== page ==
Master of None, which just returned for an impeccable second season, is a stylish, studied comedy about identity, self-discovery, and the winding path toward fulfillment. (Not to mention pork and pasta. It’s also about those.) Although the show is an extremely personal expression from creators Aziz Ansari and Alan Yang, its main themes are perfectly reflected in the story of how one of its writers got his job.
Like just about every sentient being with Netflix access in late-2015, Cord Jefferson swooned over Master of None’s first season. He didn’t merely admire the relentlessly tasteful series, though; he thought he might like to write for a show like that one day. What separated him from most other writers in fantasy career draft mode is that he’d gotten himself into just the right position to actually make it happen. Jefferson ended up becoming a staff writer and story editor throughout the show’s second season, with a coveted story-by credit on the “New York, I Love You” episode–a medley of loosely connected vignettes that cohere into an offbeat tribute to the city. He had to write like hell to get there, though.
Jefferson first began attracting attention for his writing on sites like The Root, and later as an editor for Gawker. He was a journalist who also wrote searing essays–often about the black American experience–from both a general and intensely personal perspective. While his writing revealed untold depths of self-knowledge, Jefferson had not yet architected a vision for his next stage as an author. He had no secret pilot script to plug away on at night, nor a dusty, half-finished novel beckoning for closure. Mainly, he was just trying to stay afloat in the years before Gawker went belly-up.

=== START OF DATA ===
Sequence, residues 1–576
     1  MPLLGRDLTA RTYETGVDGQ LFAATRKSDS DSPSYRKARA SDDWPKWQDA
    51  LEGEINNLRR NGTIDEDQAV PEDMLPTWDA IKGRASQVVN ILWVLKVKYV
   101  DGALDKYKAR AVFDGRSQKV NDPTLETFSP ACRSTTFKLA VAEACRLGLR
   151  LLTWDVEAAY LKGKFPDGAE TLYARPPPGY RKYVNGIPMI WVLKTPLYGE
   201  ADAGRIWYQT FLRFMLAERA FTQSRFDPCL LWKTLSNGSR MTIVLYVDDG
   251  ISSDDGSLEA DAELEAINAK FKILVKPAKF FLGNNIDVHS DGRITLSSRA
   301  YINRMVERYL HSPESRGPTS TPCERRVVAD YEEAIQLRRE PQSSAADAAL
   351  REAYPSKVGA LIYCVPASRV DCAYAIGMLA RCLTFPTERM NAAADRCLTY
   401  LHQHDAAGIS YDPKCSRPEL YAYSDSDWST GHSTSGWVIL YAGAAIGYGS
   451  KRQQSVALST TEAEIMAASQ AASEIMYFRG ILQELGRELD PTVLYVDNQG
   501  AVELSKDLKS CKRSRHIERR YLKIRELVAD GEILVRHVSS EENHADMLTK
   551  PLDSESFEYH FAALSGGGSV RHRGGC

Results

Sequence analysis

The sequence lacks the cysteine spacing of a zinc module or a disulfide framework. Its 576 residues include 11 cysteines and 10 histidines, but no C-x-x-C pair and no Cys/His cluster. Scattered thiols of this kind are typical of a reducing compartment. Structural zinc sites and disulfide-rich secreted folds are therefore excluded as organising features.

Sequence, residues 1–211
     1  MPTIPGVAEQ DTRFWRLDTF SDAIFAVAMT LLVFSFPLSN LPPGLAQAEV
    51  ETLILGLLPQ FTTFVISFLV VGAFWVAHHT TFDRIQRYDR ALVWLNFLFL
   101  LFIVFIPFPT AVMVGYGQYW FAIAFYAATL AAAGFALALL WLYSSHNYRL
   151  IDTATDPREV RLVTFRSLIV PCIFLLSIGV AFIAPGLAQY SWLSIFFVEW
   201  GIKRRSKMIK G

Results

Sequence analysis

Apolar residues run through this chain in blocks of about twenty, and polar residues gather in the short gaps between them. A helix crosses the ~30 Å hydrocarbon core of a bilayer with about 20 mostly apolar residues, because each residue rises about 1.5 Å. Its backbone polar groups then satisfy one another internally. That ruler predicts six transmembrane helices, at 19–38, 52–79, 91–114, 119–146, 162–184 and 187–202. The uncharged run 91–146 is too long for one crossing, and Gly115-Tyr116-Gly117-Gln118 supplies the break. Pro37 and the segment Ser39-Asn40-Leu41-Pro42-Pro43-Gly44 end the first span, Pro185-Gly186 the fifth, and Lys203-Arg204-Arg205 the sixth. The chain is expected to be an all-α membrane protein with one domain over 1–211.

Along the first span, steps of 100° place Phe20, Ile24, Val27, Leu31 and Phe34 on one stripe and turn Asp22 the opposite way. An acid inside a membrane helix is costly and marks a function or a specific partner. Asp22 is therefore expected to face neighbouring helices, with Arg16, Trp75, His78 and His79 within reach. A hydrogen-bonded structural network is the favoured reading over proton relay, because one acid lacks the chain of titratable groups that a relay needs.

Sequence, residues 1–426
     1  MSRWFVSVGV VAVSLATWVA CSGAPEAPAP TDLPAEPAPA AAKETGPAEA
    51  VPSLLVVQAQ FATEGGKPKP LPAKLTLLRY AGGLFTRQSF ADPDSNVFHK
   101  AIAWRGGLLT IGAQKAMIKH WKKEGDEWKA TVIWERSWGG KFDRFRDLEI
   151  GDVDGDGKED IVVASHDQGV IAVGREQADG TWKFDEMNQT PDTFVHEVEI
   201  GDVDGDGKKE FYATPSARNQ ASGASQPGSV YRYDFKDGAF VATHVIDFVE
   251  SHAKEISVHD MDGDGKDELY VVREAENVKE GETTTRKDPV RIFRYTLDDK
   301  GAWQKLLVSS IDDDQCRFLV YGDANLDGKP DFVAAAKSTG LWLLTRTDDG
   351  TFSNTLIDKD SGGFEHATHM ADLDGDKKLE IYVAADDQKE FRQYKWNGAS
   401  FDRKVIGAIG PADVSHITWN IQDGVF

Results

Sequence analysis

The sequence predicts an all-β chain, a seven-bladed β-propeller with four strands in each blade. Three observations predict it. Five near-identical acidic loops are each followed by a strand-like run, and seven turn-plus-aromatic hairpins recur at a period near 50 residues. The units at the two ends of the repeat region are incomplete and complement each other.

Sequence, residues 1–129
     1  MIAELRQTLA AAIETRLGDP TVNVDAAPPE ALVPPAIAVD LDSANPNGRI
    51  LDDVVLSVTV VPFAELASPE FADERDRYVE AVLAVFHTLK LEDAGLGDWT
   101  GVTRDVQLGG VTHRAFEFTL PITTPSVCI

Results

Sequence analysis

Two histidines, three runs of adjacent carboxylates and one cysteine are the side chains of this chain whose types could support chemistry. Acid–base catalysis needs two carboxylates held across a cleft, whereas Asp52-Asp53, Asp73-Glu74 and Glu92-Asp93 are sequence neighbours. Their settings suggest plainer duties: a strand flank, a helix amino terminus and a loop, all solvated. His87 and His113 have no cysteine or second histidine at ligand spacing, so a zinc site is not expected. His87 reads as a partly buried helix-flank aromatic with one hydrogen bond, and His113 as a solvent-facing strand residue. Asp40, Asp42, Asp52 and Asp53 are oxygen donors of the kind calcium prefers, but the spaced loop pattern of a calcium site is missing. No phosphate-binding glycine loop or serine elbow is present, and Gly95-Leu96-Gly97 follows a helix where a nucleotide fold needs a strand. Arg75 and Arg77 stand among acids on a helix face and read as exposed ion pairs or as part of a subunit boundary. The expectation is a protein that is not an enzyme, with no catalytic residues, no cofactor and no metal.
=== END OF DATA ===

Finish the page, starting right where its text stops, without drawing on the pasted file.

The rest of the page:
“For a long time my only ambition with regard to writing was to continue finding people who would pay me to do it,” he says. “There was a significant period of my life when success to me was making enough money writing that I didn’t have to ask my parents for rent money.”
He’d watched friends hit high watermarks in their fields and worried that true success was eluding him. Gradually, the desire for something more metastasized. He’d always had the idea that he would end up dabbling in many different mediums, the way some of his writer heroes like James Baldwin and Joan Didion had, but he wasn’t sure where to even start.
Then everything changed rather quickly.
In the summer of 2013, Jefferson wrote a piece of satire for Gawker about a melee at a surfing competition–a faux-handwringing exegesis on the “culture of white violence.” The post, which mocked the hypocrisy of certain media coverage of black culture, made the rounds online that day. Among its many admirers was Chris Hayes, who invited Jefferson on his MSNBC show, All In, to do a desk piece based on what he’d written. He crushed it, his deadpan delivery piercing the piece’s target even more savagely.